• French Polynesia
  • Guam
  • Hong Kong
  • India
  • Indonesia
  • Japan
  • Kiribati
  • Madagascar
  • Malaysia
  • Maldives
  • Marshall Islands
  • Mauritius
  • Mayotte
  • Micronesia
  • Mozambique
  • Myanmar
  • Nauru
  • New Caledonia
  • Palau
  • Papua New Guinea
  • Philippines
  • Samoa
  • Seychelles
  • Solomon Islands
  • South Africa
  • Taiwan
  • China
  • Thailand
  • Timor-Leste
  • Tokelau
  • Tonga
  • Tuvalu
  • Vanuatu
  • Wallis and Futuna
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About the Author

Niccoy is a professional writer for A-Z Animals, and her primary focus is on birds, travel, and interesting facts of all kinds. Niccoy has been writing and researching about travel, nature, wildlife, and business for several years and holds a business degree from Metropolitan State University in Denver. A resident of Florida, Niccoy enjoys hiking, cooking, reading, and spending time at the beach.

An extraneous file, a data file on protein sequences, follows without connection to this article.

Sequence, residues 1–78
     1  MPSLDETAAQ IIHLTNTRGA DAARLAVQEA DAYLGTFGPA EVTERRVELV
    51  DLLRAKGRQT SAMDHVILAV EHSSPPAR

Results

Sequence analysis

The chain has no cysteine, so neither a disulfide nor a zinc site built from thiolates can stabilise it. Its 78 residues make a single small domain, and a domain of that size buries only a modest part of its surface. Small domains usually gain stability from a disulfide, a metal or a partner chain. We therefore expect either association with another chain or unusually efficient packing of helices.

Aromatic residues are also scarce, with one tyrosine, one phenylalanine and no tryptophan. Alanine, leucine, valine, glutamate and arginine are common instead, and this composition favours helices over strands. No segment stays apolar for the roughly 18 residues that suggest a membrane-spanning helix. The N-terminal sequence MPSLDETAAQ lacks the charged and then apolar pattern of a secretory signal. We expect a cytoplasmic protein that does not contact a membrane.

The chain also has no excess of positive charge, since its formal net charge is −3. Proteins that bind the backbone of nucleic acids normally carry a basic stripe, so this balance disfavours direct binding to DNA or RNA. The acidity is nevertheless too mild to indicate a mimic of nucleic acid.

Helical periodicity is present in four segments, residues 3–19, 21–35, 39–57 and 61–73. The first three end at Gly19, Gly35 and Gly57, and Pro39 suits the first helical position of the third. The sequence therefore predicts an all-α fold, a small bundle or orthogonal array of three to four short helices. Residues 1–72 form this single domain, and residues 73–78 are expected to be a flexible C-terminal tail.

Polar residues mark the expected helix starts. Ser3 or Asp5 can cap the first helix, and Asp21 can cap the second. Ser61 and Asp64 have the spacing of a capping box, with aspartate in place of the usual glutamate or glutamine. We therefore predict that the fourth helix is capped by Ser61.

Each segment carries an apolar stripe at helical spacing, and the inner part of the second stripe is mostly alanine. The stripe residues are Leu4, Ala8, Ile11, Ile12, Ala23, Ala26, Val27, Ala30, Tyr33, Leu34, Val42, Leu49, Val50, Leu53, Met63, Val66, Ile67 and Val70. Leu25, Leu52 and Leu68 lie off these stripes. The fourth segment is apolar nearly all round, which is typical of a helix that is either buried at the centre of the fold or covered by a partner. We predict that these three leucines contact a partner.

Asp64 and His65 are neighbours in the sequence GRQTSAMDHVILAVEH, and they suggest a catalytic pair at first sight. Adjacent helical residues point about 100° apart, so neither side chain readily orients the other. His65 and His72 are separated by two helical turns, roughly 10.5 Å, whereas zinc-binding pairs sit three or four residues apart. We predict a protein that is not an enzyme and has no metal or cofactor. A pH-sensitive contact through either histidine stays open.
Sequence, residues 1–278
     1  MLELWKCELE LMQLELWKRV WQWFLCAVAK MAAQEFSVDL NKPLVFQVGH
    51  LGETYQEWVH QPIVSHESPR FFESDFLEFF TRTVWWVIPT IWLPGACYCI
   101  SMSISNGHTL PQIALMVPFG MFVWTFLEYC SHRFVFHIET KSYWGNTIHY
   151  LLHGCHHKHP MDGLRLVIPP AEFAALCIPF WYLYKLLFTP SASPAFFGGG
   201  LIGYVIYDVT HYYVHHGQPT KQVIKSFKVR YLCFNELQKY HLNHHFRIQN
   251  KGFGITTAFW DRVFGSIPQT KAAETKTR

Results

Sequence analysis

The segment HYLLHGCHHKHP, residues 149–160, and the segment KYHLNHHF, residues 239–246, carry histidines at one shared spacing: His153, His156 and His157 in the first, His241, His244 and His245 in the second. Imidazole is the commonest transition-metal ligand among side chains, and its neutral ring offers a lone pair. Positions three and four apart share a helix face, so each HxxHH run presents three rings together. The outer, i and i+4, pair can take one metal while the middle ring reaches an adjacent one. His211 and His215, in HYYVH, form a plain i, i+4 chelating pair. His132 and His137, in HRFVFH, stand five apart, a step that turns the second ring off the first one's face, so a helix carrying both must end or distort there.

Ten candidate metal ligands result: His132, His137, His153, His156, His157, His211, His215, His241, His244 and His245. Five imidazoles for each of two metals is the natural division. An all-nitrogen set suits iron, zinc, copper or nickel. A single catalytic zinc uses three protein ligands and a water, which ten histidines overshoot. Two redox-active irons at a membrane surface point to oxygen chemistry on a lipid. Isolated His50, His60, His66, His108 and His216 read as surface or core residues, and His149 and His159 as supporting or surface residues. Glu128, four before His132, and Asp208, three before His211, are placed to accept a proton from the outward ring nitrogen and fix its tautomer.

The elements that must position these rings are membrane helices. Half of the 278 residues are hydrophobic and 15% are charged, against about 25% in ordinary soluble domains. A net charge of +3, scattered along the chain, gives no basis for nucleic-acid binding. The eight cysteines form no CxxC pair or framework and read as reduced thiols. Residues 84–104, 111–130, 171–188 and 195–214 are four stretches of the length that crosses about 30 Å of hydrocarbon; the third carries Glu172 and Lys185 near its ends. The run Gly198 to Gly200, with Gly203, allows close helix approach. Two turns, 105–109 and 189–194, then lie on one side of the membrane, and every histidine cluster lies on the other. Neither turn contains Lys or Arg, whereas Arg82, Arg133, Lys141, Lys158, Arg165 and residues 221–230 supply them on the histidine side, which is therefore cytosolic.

Spotted Garden Eel FAQs (Frequently Asked Questions) 

Are garden eels venomous?

No. Spotted garden eels are not venomous or harmful to humans in any way.

Where do spotted garden eels live?

They live in the sea floor near coral reefs along ocean currents. You can find them in tropical and subtropical waters in the Indo-Pacific.

Do garden eels leave the sand?

They spend most of their lives in their burrow holes. But they do occasionally leave, especially during the spawning season.

Can you have a spotted garden eel as a pet?

You can keep these fish in a aquarium. However, they are demanding and live for a very long time.